Removing a chimney from the middle of your house is a big undertaking. However, the work itself isn’t all that complicated. Most of it will involve dismantling the chimney brick-by-brick and then disposing of that debris.

This makes removing a chimney on your own a real possibility — especially if you have a lot of DIY experience. However, doing so would require a significant time investment. Only you can decide how much time you’re willing to spend on a project like this.

Hiring a professional could be a better option for a number of reasons. You won’t have to do the work yourself and you can place confidence in the fact that your chimney removal is getting completed in the right way.

Of course, you also need to balance the costs of hiring a professional against these benefits. This is a calculation that will turn out a bit differently for every homeowner.

How Much Does Chimney Removal Cost?

The cost of removing a chimney from your home can vary quite a bit. That being said, most jobs like this end up costing between $2,000 and $4,000. The ultimate price that you pay will be based on the unique characteristics of your chimney.

For example, as you would expect, full chimney removals cost more than partial ones. Additionally, removing your chimney will require filling in the new holes in your home. This might add to your total costs significantly or not much at all depending on the characteristics of those holes.

Some chimneys connect to your home by “bolting-on” to it. These are typically easier for professionals to remove and, therefore, could cost you less to get rid of.

Finally, there’s a small chance that your chimney removal costs could end up being closer to $6,000 or more. This price is most common for chimney removals that span multiples stories or involve complicated structural or foundation issues.

Keep Yourself Safe

If you do decide to remove your chimney on your own, it’s important that you use proper safety equipment while doing so. Chipping away at old masonry can be a dangerous job. This danger will be heightened while you work on your roof.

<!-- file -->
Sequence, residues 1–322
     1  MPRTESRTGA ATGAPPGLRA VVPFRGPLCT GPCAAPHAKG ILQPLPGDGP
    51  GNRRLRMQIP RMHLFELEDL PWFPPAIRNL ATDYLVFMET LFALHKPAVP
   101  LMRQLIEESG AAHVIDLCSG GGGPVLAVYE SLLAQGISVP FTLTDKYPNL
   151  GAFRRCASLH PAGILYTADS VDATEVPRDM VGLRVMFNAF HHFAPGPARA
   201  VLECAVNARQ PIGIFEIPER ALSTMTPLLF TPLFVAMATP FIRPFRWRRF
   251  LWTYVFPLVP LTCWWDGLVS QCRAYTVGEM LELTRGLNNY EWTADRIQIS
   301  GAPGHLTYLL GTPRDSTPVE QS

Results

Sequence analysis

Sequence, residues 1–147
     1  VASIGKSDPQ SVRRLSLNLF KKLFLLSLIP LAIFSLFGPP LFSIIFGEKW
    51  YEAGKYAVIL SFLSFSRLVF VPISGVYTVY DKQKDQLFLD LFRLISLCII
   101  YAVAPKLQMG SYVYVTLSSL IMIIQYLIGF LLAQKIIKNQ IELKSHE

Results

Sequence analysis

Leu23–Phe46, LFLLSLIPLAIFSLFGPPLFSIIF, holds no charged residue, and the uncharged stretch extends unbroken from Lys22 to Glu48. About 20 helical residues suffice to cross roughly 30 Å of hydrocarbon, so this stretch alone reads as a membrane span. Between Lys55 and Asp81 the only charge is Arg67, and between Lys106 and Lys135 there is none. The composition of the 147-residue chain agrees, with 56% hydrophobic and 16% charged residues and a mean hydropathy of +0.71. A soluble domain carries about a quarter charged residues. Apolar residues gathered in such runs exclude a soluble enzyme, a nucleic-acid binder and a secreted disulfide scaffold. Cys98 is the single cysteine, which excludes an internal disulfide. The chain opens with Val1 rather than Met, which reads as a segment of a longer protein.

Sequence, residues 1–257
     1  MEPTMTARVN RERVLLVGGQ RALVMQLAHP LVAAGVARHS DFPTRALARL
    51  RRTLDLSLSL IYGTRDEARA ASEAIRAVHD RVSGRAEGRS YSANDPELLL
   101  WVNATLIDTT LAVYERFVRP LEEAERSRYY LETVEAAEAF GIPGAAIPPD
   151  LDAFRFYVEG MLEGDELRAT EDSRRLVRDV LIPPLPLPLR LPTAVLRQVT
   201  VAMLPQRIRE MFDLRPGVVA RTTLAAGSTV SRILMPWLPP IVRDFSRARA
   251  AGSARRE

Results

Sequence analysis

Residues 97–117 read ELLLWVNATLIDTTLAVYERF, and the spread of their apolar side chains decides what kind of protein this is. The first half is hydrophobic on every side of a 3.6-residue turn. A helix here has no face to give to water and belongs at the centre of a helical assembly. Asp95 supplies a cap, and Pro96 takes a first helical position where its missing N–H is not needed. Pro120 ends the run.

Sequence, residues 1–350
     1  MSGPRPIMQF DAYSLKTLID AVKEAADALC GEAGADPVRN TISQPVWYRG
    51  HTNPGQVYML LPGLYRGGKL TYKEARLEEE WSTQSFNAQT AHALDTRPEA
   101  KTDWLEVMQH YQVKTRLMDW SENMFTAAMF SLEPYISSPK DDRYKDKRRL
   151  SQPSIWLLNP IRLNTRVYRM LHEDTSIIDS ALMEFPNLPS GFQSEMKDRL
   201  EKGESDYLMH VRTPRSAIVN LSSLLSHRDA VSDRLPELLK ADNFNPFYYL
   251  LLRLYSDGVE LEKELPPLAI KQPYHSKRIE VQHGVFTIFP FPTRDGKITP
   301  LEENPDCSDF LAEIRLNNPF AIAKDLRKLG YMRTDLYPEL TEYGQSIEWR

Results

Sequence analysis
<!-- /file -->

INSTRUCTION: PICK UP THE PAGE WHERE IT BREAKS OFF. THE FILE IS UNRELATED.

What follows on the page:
To keep yourself safe, make sure that you always wear adequate head and body protection. This should include gloves, safety goggles, and a mask that prevents old smoke and dust from getting into your lungs.

You should also never work on removing your chimney alone. Instead, keep at least one spotter available to hold your ladder and ensure that no loose masonry is at risk of falling and doing damage.

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Related Questions

How long does it take to remove a chimney?

The amount of time that it takes to remove your chimney will vary on the specifics of the project. If you only plan to remove the stack, then you and a friend could be able to get the job done in as little as a half a day.Expect to spend much more time than that if you plan on doing a full chimney removal. It will take at least a week for DIYers to remove every brick in the chimney, dispose of the debris, and patch up any leftover holes.

What are the benefits of removing a chimney?

There are many reasons why you might want to remove your chimney. They can make your home damp, allow water to leak into your home, and cause other types of damage that can be hard to spot.Some homeowners also dislike how their chimney affects the exterior appearance of their home. Removing the chimney could add to the home’s appeal in their eyes.

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Kellan Jansen
Kellan Jansen

Kellan is a content writer who specializes in everything DIY. When he's not behind the keyboard, he enjoys spending time with his pets, playing music, and geeking out about basketball. He hopes to make your home improvement projects a little bit easier to accomplish.